John Seiler on The Great Rip-Off. Police Chiefs and other municipal administrators who are earning higher salaries retired, than when they were working. They’re earning six figure incomes, and cities have revolving doors of new hires, and new retirees. It’s like a looting taking place in broad daylight, and no one to stop it, because the people the public would expect to serve and protect us are the ones doing the looting.
Tune in LIVE at 10:00 a.m. PDT on CRNtalk.com on CRN 1 or on USTREAM TV’s CRNStudioLive!”

If you tune in on CRN, give the player a few minutes to pop up and start streaming. Give yourself enough time so you don’t miss the program.
Sometimes the programing display for CRN 1 is not current, and it may say another program is playing. You can be sure Gadfly Radio is from 10 am to 11 am PT, Tuesdays! You can count on that!

Call in number: 1-800-336-2225

Related Links:
Quiet protest outside Disneyland | police, outside, biggest | The Orange County Register | Aug. 4, 2012 | By Mary Ann Milbourn
Mom to stop marching in weekly Anaheim police protests | The Orange County Register | August 5, 2012 |by Eric Carpenter

Theresa Smith says she appreciates support from peaceful protesters in recent weeks, and she wants to ‘do positive things.’…
…Jaclyn Conroy, of Anaheim Hills, whose nephew Justin Hertl was shot and killed by police in 2003, said she will continue protesting. She marched with other protesters to Disneyland on Sunday.

“It puts a tear in my eye that people from outside the area have come to support us,” she said. “They’ve helped bring a national spotlight and that allows us here locally to talk to people about the problems we’re having with police.”

Anaheim shootings, protests: Anger, politics, power | The Orange County Register | By Doug Irving, Eric Carpenter, Denisse Salazar and Alejandra Molina

In June – a month before the most recent shootings and subsequent protests – three Latino leaders filed suit against the city, demanding changes in city government. Their lawsuit, backed by the American Civil Liberties Union, calls for council members to be elected by districts rather than at-large; a change they believe would break up the Anaheim Hills’ political dominance and encourage more people from more neighborhoods to run for office.

One of the leaders who filed suit, Jose Moreno, 42, a trustee of the Anaheim City School District and president of the group Los Amigos, said the city and its Police Department have work to do to improve relations with Latinos.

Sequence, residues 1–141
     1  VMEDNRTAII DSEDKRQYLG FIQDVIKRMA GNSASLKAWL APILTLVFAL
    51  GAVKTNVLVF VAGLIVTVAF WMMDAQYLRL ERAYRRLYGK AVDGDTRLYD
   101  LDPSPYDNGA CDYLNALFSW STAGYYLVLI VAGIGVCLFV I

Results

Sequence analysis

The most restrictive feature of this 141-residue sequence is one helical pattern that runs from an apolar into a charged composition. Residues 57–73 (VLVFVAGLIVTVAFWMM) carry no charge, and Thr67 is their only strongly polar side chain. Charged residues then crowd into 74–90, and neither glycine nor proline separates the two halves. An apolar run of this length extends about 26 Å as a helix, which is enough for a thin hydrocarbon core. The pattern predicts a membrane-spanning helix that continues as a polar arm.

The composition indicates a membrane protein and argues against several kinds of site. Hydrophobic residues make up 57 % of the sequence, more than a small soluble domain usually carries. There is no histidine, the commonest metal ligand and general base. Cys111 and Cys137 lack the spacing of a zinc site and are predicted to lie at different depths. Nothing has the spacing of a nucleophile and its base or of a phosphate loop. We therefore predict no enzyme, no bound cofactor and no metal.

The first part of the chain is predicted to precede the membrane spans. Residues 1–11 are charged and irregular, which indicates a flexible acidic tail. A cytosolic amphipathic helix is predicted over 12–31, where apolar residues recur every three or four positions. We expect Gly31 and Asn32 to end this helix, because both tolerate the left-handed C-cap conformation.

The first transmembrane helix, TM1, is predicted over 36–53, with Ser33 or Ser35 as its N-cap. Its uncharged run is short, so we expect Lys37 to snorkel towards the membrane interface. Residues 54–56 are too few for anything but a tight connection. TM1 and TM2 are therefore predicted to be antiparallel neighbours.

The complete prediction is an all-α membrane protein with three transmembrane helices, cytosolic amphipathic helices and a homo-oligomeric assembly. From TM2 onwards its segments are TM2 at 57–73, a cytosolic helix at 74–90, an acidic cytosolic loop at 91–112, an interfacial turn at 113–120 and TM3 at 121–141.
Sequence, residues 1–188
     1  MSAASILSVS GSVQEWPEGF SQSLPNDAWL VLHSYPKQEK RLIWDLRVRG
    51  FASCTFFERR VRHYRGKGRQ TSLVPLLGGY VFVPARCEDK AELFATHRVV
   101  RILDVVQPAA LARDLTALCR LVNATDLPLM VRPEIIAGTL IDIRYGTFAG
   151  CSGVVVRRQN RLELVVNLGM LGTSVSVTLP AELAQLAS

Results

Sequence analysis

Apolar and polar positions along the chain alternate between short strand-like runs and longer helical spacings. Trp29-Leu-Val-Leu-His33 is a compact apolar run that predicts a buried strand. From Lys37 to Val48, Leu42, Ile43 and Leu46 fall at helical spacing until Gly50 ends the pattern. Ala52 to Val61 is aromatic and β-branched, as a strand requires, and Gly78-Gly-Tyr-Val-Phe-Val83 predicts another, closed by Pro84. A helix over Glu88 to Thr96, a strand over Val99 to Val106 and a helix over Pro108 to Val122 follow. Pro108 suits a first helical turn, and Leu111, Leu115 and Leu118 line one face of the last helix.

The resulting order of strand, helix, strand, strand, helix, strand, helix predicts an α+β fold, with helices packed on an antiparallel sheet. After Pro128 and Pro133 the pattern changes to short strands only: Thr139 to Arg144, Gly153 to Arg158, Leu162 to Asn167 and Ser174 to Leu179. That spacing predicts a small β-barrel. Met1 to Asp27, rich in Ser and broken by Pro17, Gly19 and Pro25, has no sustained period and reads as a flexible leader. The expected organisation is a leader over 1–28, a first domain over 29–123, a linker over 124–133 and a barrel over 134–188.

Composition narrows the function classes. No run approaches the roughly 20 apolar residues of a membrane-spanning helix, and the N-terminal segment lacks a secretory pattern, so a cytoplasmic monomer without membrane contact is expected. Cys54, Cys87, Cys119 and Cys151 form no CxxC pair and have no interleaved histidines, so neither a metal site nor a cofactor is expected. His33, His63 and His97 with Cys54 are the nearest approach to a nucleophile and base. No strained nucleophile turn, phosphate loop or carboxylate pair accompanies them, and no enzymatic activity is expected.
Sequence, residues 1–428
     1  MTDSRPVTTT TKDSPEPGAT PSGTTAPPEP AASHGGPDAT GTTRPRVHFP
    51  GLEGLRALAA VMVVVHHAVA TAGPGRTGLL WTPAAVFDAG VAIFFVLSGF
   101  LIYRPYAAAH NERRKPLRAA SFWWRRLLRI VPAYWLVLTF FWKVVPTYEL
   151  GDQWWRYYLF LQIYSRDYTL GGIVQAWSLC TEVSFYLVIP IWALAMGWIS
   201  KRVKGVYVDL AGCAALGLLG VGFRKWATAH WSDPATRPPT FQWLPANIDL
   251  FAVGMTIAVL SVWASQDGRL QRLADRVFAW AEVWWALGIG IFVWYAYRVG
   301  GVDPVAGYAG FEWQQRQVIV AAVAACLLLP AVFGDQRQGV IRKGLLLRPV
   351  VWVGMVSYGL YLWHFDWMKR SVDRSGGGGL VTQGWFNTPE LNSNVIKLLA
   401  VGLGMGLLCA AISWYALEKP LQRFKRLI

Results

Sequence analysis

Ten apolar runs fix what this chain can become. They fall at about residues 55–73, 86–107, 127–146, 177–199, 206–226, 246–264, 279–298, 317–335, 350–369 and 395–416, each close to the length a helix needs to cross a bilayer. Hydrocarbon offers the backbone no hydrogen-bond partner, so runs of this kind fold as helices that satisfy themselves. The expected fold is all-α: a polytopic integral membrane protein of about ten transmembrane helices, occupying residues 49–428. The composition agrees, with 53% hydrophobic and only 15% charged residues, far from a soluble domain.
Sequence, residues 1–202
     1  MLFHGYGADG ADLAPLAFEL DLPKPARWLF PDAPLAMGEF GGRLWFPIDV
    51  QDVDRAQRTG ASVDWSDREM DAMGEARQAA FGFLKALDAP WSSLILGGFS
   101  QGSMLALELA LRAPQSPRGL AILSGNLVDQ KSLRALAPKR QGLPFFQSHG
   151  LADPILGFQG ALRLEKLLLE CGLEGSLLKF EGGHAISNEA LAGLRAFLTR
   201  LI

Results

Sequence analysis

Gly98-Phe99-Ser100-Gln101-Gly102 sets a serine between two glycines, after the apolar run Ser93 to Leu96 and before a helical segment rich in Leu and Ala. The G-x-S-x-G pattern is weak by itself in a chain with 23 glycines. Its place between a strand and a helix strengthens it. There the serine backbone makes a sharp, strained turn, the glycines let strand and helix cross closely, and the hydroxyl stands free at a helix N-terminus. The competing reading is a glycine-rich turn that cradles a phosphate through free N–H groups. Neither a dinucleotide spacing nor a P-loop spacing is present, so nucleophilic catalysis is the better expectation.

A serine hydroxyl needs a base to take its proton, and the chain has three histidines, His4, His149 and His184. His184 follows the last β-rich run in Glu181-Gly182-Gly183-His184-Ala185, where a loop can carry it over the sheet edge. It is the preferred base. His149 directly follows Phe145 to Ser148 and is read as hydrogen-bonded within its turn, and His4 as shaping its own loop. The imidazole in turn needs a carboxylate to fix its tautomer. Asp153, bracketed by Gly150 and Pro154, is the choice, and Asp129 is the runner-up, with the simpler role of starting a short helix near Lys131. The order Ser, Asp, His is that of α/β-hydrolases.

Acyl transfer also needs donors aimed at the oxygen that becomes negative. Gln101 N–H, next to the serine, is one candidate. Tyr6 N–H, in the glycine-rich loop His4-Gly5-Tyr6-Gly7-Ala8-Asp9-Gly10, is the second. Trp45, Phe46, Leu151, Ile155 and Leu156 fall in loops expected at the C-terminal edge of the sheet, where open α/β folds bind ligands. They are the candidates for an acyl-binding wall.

“Police don’t do their work in a vacuum,” he said. “For them to rebuild relationships in our communities, we need to feel like part of the political system – like we are sharing in the resources of this city.

“In the same way, kids don’t decide to join gangs in a vacuum. Those city resources aren’t coming to us.”

‘AFRAID TO COME OUT’
Police estimate that 2,500 documented gang members claim turf in Anaheim. They belong to some 35 active gangs – all, police say, are Latino except for one African American gang.

By comparison, the police force arrayed against them is overwhelmingly white. The department has 363 officers; 82 are Hispanic and 249 are white. [ Ethnic make up of the police aside--the City Council can be responsible for police practices, policies and community relations.]

The relationship between Anaheim’s police force and its Latino communities has long been strained.

Mayor takes on Anaheim violence | CalWatchDog | August 6, 2012 | by Steven Greenhut

Unfortunately, in my view, the city’s Police Department has embraced the wrong kind of policing methods — ones that are unkind and tend to undermine people’s freedom. I don’t see police officials there using their brains to handle a situation resulting, in part, from overly aggressive policing tactics and insufficient police accountability and transparency.

Clearly, the cultural changes the mayor is trying to implement in the city bureaucracy need to filter into the police department — a point Tait also makes.

Steven Greenhut: Mayor on right path in Anaheim | Opinion – The Orange County Register | August 3, 2012

In Anaheim, voting by district could alter the power dynamic | Los Angeles Times | August 4, 2012 | Nicole Santa Cruz, Doug Smith and Christopher Goffard, Los Angeles Times

Anaheim is now under growing pressure to switch to district voting, which usually makes it easier for minority groups to win council seats.

Fund transfers are purging earmarks from state budget | CalWatchDog | August 1, 2012 | by Wayne Lusvardi

Park fund scandal a ruse to grab gas tax funds from off-roaders | CalWatchDog| August 6, 2012 | by Wayne Lusvardi

Stockton police chief rips off $204K pension | CalWatchDog | by John Seiler | August 6, 2012

Police Chief’s $204,000 Pension Shows How Cities Crashed | Bloomberg | By Alison Vekshin, James Nash and Rodney Yap | Jul 31, 2012

Anaheim PD Violence, City Govt and Drug Laws, One Teachers’ Pay Hike Racket, When Defrauding and Shaking Down the Public Became “de rigueur”